The Royal Ontario Museum's exhibition Being Japanese Canadian: Reflections On A Broken World sets out to disrupt the colonial narrative
BEING JAPANESE CANADIAN: REFLECTIONS ON A BROKEN WORLD at the Royal Ontario Museum (100 Queens Park). rom.on.ca. To August 5.
What does multi-generational trauma, healing and resilience look like in face of the 1940s internment? For eight contemporary Japanese Canadian artists, it is at once loud and vivid, sombre and quiet, colourful and exuberant.
Thirty years after the Canadian government formally apologized for the exile and dispossession of Japanese Canadians during the Second World War, the ROM’s new exhibit, Being Japanese Canadian: Reflections On A Broken World, presents a multitude of personal perspectives on the lasting effects of the internment.
“Each artist has a significant message about their Japanese-ness from the outside and their sense of Japanese Canadian identity on the other side,” says co-curator Katherine Yamashita. “There’s the dichotomy that all of them explore.”
Fourth-generation Toronto-based artist Emma Nishimura’s piece, An Archive Of Rememory, references the familial silence surrounding her grandparents’ internment. While examining how stories are told through generations, she’s created hundreds of small bundles using the Japanese wrapping technique, furoshiki. Old family photos of her grandparents during and after the internment are photo etched onto handmade paper, and then tied around a mound of sand. Once the paper dries, shrinking and distorting the photos, she punches a hole in the bottom and releases the sand. Although the bundles look like they may conceal rocks, each one is weightless.
“A cornerstone of my work is thinking about memory and how we negotiate these complicated, layered stories,” says Nishimura. “I was thinking about the weight of memory. What do we hold on to? What do we pass on? I was drawn to the furoshiki because it can be very utilitarian, but it can also be used to wrap a gift. There are different ways to package these experiences.”
Courtesy of the ROM / Brian Boyle
An Archive of Rememory by Emma Nishimura
In 1942, after the attack on Pearl Harbour, the federal government detained and dispossessed the majority of Japanese Canadians living in British Columbia. This action was executed despite the fact that Canadian military officials and the RCMP felt the Japanese Canadian population did not pose a threat and opposed punitive action against them. In total, around 23,000 men, women and children were forced from their homes and sent to internment camps in interior BC, prisoner of war camps in Ontario or farms in Alberta and Manitoba. During this time, their homes, fishing boats, personal property and businesses were sold by the federal government.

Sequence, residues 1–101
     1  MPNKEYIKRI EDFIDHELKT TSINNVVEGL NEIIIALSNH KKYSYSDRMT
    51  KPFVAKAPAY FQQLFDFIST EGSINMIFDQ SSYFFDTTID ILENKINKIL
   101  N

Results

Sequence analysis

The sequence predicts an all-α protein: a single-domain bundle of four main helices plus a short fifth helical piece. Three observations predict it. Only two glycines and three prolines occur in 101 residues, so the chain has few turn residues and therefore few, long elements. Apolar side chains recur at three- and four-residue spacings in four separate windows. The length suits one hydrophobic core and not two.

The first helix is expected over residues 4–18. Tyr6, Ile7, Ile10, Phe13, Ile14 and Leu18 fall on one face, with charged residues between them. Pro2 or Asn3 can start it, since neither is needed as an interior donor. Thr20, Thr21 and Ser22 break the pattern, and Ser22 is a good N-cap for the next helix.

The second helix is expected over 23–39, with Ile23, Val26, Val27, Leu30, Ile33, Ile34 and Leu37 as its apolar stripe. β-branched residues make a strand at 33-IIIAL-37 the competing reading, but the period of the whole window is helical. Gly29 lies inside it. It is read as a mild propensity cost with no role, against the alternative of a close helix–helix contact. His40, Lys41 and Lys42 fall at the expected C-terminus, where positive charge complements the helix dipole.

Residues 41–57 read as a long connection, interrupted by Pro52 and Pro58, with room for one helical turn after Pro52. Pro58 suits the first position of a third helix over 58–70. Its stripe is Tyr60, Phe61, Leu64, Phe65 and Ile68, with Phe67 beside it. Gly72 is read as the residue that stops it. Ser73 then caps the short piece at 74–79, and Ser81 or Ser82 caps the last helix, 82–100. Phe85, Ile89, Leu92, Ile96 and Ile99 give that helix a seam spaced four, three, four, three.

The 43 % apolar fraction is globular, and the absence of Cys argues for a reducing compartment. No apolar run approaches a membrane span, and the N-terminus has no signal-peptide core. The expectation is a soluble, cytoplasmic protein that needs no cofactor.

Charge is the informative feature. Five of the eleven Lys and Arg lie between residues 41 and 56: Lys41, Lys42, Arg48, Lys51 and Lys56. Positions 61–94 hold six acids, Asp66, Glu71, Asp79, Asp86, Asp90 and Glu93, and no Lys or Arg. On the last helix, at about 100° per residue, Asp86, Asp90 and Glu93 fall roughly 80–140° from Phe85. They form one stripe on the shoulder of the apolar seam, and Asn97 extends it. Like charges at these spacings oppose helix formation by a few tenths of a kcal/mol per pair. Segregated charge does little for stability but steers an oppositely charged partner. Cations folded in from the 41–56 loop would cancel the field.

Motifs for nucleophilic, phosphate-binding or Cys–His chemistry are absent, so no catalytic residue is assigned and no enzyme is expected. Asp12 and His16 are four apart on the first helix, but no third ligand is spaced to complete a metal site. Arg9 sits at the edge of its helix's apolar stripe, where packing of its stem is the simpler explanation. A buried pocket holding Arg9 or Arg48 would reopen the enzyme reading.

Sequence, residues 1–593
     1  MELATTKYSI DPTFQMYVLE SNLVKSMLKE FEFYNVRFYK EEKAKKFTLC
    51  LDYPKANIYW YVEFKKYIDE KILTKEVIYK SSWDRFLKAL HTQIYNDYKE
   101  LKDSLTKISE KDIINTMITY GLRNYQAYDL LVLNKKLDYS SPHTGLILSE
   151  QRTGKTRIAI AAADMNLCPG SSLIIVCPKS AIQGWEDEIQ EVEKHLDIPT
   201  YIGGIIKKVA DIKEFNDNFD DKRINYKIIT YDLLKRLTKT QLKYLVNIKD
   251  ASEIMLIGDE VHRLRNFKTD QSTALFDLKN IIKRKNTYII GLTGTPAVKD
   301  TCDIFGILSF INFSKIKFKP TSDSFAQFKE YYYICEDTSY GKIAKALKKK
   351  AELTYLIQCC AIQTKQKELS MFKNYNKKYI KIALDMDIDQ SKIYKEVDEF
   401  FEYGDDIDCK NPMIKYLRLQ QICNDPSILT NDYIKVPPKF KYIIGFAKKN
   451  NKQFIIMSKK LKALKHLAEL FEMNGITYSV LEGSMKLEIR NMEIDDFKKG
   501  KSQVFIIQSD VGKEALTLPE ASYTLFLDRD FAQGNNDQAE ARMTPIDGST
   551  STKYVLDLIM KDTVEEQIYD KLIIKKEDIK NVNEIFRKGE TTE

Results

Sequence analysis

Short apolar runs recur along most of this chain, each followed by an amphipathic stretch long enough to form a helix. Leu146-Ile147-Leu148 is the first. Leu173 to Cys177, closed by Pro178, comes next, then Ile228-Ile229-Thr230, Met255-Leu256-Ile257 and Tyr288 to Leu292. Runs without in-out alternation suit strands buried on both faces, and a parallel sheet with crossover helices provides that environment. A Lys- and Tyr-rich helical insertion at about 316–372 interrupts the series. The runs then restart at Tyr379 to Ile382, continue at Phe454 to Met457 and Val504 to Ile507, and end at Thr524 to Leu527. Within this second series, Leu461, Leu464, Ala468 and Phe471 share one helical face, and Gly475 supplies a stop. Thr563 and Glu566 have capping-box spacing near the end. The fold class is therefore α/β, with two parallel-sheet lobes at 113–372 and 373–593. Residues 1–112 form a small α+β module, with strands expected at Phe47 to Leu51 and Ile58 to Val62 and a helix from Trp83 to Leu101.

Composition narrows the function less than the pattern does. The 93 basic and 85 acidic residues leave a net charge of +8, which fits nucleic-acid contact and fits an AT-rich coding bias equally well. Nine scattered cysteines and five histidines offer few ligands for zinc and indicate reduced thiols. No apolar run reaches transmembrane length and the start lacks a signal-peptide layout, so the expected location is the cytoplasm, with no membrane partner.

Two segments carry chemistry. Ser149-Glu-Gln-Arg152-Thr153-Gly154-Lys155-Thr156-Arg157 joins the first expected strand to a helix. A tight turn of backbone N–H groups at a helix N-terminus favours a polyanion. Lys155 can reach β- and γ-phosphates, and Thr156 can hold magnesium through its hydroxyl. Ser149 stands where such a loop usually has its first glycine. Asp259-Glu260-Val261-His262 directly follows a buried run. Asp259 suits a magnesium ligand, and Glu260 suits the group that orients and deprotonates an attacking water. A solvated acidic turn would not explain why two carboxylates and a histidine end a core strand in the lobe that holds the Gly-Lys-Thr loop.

The participating artists all have personal connections to the internment through family and are based across Canada. This geographic diversity was important to the curators because after the internment they were forced to either disperse across the country or move to Japan, even though around 75 per cent were born in Canada or naturalized citizens.
Yamashita, who studied the internment’s effect on women and children and how tragedy is normalized, says it was also critical the exhibition featured artists from various generations to show the diversity of perspectives.
For his piece, Low Tea In ’43, David L. Hayashida, a third-generation ceramic artist from King’s Point, Newfoundland, juxtaposed porcelain teacups with graphic puddles featuring racist slurs his grandfather remembers being called as a kid, like “once a Jap, always a Jap” and “yellow peril,” alongside stereotypical cartoons of Japanese Canadian men with exaggerated slanted eyes and buck teeth. It’s the only piece in the exhibition that overtly references the racism that led to the internment.
Meanwhile, Calgary-based artist Steven Nunoda’s installation, Ghostown, made up of rows of around 150 tarpaper shacks that resemble the cramped quarters, many without running water or electricity, that internees were forced to live in. Isolated in its own room, Nunoda’s work is a quiet, sobering memorial to the camps across interior British Columbia.
“Nunoda had to let the hate and anger fade before he could address the topic. He needed to be more conceptual and have distance from the situation,” says Yamashita.
Courtesy of the ROM / Brian Boyle
Ghostown and Ladder to the Moon by Steven Nunoda
ROM curator Heather Read originally conceived the exhibition. The curatorial team was then rounded out by Arlene Gehmacher, who oversees the Sigmund Samuel Gallery of Canada, and Yamashita and Bryce Kanbara, who both work together at the Japanese Canadian Cultural Centre gallery.
When you first enter the gallery, you’ll see antique furniture and other artifacts of Canada’s colonial past. Sometimes, the new artworks can disappear into the works in the gallery, like Hayashida’s teacups, which sit behind glass alongside other the gallery’s permanent dishware collection.
Other times, the work looks jarring in its colonial setting, like Ottawa-based artist Norman Takeuchi’s painting, Interior Revisited. Having lived through the internment as a child, Takeuchi’s painting addresses his dual identity and depicts a traditional Japanese woodblock print of two geishas overlooking a black-and-white image of man in an internment camp.
While it was Read’s idea to intersperse the exhibition throughout the Sigmund Samuel Gallery, as opposed to keeping the new works together, Yamashita believes it’s an artistic endeavour that breaks up the colonial narrative.
“[At many museums] there’s a Chinese area, a Japanese area, an Indigenous area. People want everything to be nicely separated into cultural groups, but someone like me doesn’t fit [in those categories]. I belong to a mixed culture,” says Yamashita. “This history and the culture of Japanese Canadians should be present in a gallery about Canadian art.”